Allowing an appropriate fall rest period is important for the long term health of a forage stand, particularly legumes.
Fall is a great time to take care of some very important aspects for managing forage hay fields and pastures. Below is a list of things that when done in the fall can help avoid big headaches this winter and next spring or even next summer. . .
– Victor Shelton, NRCS State Agronomist/Grazing Specialist
What four inches of good residual should look like.
I’ve not been on the road as much lately and it’s been nice to watch minute, daily changes in things as the days shorten and the nights become cooler. A few spiny pigweeds in the barn lot were one of the first things to catch my eye. They first quit growing, then with each additional cool night you could see a darkening of the leaves and more maroon showing. They don’t like the cooler weather; I don’t like the lack of sufficient moisture.
It is late September as I write this, and so far this month I’ve had a total of two-fifths of an inch of rain up until today. Some oats and turnips I planted over three weeks ago have barely broke ground. They won’t provide much grazing at this rate. Sadly, there are areas of Indiana that are in even worse shape moisture wise, especially parts of the northeast. That area has suffered from lack of sufficient rainfall most of the summer and those areas with Continue reading →
High nitrates and prussic acid poisoning are a potential concern this time of year with many grasses including sorghum sudangrass.
Livestock owners feeding forage need to keep in mind the potential for some forage toxicities and other problems that can develop this fall. High nitrates and prussic acid poisoning are the main potential concerns. These are primarily an issue with annual forages and several weed species, but nitrates can be an issue even in drought stressed perennial forages. There is also an increased risk of bloat when grazing legumes after a frost.
Drought stressed forages can accumulate toxic nitrate levels. This can occur in many different forage species, including both annuals and perennials. Several areas in Ohio have been dry of late. Corn, oat and other small grains, sudangrass, and sorghum sudangrass, and many weed species including johnsongrass can accumulate toxic levels of . . .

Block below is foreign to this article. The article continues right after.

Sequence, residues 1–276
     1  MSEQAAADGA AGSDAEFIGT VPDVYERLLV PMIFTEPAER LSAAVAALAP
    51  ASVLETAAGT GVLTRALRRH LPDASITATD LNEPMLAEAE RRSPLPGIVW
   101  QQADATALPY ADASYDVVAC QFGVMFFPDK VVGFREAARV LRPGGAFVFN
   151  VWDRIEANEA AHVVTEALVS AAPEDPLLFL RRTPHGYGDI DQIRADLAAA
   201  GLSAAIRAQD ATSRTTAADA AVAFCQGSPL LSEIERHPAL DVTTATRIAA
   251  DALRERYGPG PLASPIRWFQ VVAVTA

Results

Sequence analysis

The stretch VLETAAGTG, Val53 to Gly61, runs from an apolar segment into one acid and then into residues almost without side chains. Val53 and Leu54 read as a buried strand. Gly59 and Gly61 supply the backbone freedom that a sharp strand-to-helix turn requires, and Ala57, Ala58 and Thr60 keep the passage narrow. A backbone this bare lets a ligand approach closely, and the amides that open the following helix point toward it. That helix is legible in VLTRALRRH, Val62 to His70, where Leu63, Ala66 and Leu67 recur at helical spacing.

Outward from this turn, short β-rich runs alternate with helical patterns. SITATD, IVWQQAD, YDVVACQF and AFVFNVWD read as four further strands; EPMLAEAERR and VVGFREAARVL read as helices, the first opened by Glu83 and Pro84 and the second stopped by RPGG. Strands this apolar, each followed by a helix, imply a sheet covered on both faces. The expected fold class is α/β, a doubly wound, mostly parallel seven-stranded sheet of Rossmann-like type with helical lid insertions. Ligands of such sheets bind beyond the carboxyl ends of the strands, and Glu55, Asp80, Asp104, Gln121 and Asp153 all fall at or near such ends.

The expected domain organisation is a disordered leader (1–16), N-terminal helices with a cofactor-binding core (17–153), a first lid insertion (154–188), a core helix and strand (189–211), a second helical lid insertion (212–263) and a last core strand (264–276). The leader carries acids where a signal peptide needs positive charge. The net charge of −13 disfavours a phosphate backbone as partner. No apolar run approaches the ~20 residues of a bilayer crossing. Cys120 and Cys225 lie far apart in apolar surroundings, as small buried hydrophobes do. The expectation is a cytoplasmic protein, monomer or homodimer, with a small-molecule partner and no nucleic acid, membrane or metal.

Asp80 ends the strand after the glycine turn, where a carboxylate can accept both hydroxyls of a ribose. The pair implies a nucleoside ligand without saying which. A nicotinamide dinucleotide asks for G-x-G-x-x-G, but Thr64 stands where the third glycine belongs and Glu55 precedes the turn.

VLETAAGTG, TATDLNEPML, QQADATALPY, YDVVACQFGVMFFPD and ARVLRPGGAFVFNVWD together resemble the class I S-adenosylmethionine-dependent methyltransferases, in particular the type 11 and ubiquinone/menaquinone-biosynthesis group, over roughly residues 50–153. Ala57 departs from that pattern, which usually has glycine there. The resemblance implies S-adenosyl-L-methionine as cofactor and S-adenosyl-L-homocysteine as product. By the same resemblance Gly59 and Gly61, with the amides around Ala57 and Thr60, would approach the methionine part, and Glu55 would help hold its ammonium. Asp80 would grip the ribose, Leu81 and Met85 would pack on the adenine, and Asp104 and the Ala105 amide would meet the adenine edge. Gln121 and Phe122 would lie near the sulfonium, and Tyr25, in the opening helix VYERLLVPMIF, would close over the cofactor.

Want to learn more about improving your land and livestock through grazing and forages? Mark your calendar for the following talks at this year’s virtual Farm Science Review, Sept. 22–24, all of them organized by the Gwynne Conservation Area.
Visit the Farm Science Review site at fsr.osu.edu to see the complete FSR virtual schedule
If you saw this yellow weed in your fields last spring, the time to control it and other winter annuals for next year is here yet this fall!
Some hay producers have been unpleasantly surprised in the past when cressleaf groundsel infestations became evident in their hay fields in May prior to first cutting. Cressleaf groundsel in hay or silage is toxic to animals, and infested areas of the field should not be harvested and fed. Groundsel is a winter annual, emerging in late summer into fall, when it develops into a rosette that overwinters. Growth restarts in spring, with stem elongation and an eventual height of up to several feet tall. The weed becomes evident in hay fields when in becomes taller than the alfalfa/grass and develops bright yellow flowers in May. The problem with passively waiting until this point to discover that the hay is infested with groundsel is that: 1) it’s too late to control it with herbicides; and 2) hay from infested areas has to be discarded instead of sold or fed, and large plant skeletons are still toxic even if herbicides were effective on them. Groundsel plants finish their life cycle in late spring, once they flower and go to seed, so it should not be problem in subsequent cuttings.